Dinosaurs are awesome. From their initial scientific discovery back in 1824, dinosaurs have captivated human imagination. The idea of an entirely different ecosystem, filled with fantastic creatures, that lasted millions of years has rightly secured a place in our collective cultural imagination. Dinosaurs lived on Earth, they were real. Yet somehow their world was almost completely alien. It is only natural that such creatures occupy a place in cinema as well, one of the few ways dinosaurs can actually still “come to life.” Yet when they are reborn, just how glorious is it? This article will look at three of the more major family-oriented dinosaur films over the past thirty years. Cinema has presented the complex world of the dinosaurs as brutal, harsh, and in some cases completely childish.
1. The Land Before Time (1988)
Oh course if we’re talking kid-friendly dinosaurs, we gotta talk Littlefoot and The Land Before Time. Steven Spielberg came up for the idea of this film, and he and his collaborator George Lucas had an interesting idea: no talking. Like Fantasia, The Land Before Time was originally envisioned as a silent film with no strong plot to drive it forward. Instead, it would simply tell the story of five young dinosaurs growing up. An interesting idea but Universal felt the film needed more appeal. Dialogue was added to help the audience relate to the characters and the dinosaurs were anthropomorphized (given human characteristics) to make them relatable. Did this detract from the science of the film, of course. Yet I highlight Land Before Time as an example of pandering done right. Was the film made more kid-friendly: yes, but that did not stop it from portraying the tragic nature of survival:
Now obviously the science in The Land Before Time is woefully outdated today, but at the time this was really well done. The decision to make the film easier to follow did not cripple it, or take away from its educational aspects. Let’s move on:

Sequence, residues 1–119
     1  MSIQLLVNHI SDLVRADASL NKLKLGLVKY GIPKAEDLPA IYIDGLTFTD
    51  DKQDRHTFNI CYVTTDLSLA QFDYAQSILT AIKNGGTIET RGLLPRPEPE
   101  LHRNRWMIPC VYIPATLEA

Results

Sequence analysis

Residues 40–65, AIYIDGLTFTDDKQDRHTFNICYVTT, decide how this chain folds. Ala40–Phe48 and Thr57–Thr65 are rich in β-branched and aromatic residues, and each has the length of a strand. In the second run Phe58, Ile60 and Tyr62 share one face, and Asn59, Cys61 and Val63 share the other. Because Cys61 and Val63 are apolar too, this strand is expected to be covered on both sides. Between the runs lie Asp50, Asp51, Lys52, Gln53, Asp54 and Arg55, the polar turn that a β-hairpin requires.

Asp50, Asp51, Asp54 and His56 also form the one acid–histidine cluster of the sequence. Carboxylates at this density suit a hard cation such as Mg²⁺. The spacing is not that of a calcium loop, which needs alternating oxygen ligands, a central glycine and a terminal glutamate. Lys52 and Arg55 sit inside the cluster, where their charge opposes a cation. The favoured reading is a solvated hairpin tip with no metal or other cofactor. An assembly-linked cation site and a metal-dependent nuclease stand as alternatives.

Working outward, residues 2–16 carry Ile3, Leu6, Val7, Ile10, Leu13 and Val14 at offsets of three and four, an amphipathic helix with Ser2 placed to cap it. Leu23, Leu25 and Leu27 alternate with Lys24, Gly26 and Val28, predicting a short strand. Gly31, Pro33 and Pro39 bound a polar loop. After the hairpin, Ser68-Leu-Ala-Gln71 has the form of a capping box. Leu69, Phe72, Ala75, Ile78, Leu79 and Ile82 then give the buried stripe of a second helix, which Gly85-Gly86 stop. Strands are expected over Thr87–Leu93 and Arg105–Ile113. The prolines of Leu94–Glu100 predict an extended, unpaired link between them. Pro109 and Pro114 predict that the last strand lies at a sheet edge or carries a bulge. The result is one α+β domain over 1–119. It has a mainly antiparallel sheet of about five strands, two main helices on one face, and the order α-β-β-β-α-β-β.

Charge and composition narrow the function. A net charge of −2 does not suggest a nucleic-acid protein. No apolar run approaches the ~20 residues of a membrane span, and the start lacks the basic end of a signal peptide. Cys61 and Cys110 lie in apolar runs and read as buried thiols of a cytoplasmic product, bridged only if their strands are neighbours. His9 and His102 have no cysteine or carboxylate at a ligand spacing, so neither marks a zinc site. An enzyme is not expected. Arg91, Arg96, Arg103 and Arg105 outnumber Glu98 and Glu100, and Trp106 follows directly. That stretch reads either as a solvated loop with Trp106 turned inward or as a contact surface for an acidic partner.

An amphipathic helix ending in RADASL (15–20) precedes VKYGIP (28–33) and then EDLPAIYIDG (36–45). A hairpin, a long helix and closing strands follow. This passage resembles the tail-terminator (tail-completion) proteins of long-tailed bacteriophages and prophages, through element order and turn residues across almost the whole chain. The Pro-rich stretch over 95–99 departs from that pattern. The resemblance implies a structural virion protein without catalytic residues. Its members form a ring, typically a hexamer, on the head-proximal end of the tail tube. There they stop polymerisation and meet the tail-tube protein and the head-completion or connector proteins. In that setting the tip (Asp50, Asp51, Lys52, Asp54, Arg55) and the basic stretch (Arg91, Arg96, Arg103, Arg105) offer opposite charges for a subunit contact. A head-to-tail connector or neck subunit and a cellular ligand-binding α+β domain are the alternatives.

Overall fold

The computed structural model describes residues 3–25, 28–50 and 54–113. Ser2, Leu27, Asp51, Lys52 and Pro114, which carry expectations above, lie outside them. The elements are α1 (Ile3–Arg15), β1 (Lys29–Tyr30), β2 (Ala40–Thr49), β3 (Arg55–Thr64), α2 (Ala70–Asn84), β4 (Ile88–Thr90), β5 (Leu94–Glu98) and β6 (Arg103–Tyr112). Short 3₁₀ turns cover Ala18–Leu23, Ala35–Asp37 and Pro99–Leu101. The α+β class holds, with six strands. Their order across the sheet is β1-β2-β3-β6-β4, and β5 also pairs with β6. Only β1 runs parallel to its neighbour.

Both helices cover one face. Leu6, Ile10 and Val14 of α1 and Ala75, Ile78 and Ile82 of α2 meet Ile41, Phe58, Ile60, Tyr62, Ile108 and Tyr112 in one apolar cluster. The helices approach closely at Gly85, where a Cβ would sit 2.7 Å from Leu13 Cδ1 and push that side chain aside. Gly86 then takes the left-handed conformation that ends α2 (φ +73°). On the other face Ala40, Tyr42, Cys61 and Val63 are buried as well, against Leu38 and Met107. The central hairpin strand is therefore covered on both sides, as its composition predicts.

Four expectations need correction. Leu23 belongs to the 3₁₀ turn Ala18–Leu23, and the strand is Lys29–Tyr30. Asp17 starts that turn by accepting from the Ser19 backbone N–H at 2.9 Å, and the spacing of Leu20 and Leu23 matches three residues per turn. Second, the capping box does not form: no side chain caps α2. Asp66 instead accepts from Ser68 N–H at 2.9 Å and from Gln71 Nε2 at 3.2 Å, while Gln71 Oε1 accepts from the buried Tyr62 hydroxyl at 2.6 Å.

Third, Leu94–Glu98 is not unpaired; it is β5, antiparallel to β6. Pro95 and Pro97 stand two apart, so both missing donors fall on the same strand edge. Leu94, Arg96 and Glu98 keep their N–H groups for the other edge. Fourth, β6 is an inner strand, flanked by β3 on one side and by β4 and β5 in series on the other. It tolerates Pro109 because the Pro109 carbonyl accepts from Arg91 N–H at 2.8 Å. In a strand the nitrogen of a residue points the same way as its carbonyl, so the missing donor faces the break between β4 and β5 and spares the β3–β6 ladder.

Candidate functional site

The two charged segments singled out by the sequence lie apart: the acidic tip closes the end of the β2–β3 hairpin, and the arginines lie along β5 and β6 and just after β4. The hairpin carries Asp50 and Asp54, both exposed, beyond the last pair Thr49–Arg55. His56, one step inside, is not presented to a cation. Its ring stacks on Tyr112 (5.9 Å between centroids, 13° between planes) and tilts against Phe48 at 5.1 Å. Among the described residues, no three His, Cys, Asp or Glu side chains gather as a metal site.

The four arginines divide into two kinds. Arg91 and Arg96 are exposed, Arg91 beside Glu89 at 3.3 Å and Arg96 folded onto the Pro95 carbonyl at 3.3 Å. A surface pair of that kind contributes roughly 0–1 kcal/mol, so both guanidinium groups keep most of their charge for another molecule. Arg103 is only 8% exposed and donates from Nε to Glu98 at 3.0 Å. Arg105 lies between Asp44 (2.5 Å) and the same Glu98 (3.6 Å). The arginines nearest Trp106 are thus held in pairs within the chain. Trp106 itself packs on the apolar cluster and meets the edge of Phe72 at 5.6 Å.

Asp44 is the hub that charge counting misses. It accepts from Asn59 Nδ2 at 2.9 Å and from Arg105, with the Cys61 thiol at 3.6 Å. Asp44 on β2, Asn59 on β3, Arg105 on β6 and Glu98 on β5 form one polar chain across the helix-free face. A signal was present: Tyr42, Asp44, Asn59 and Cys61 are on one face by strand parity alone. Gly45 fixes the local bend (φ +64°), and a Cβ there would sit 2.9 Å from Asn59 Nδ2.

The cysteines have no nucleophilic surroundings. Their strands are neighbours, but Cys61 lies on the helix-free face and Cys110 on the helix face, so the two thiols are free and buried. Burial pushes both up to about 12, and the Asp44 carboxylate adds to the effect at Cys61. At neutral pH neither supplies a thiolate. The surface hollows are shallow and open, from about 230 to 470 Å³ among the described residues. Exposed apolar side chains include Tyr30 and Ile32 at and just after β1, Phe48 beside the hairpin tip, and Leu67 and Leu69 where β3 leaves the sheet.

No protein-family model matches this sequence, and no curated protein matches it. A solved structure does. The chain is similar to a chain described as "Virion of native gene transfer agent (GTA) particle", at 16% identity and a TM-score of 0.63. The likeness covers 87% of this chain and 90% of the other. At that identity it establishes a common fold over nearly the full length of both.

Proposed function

2. Dinosaur (2000)
Ready for déjà vu? When Dinosaur was first conceived, it was going to be a harsh story set at the end of the dinosaur era, with no dialogue. Instead of Universal, Disney CEO Michael Eisner was the one to make the call to make the film lighter and to add dialogue. Did lightning strike twice, as with The Land Before Time? It did not. Sadly Dinosaur became a very generic story with ideas and plot basically carbon-copied from the Land Before Time. The Great Valley became the Nesting Grounds, Sharptooth became a Carnotaurus, Littlefoot’s band of friends got replaced with another band of less interesting friends… the movie thoroughly existed without braving anything new. What makes it worse is that the science was lacking this time around. Not trusting its saurian stars, Disney added present-day lemurs to the cast. Bizarre. The initial trailer revealing Dinosaur‘s visual splendor remains the highlight of this theatrical endeavor:
An intriguing idea that turned into just another movie. Still, it can get worse.
3.Walking With Dinosaurs (2013)
When Walking with Dinosaurs first debuted as a show in 1999, it was heralded as a state-of-the-art dinosaur experience. For any out there curious to learn about the world before our own, this show was a good start. Fast-forward fourteen years… and you’re better off going with the show. Walking with Dinosaurs 3D is as brainless as its name sounds. Starting off as (say it with me now) a film with no dialogue, Studio interference once again turned the tale kid-friendly. This time, however, it appears that production was further along. All the dialogue is merely “thoughts” meaning that there is no animation for the dinosaurs speaking. This was supposedly done to keep it accurate, but my title was inspired from this movie. Talk about taking out intelligence with the lame excuse of “it’s for kids.” Which kids, I wonder? I do not think of myself as a child prodigy, but if I saw this film at six… I am pretty sure I still would have found it dumb. Using a name that brings to mind intelligence (courtesy of the original series) Walking with Dinosaurs has maybe one or two nuggets of education within its short (but still too long) 88 minute run time. Couple with that, this was a film made in 2013. Our understanding of dinosaurs has changed drastically in the past twenty years and Walking with Dinosaurs reflects none of that.
There is a definite pattern here. It seems like no theatrical dinosaur movie will ever see the light of day without first being tailored down for audiences. Is this overly tragic: not really since the information can be found elsewhere. It is simply said that “for the children” is used as an excuse to make things dumber. Oh it is for the next generation? Yeah, they don’t need to know facts.
The other trouble is that the (currently known) world of dinosaurs is more fascinating than Hollywood makes it out to be. These creatures probably never even looked like the giant lizards we see on-screen, but that is how we still see them. Maybe the future will hold a smart dinosaur film that is “for adults”…
Then again, maybe not.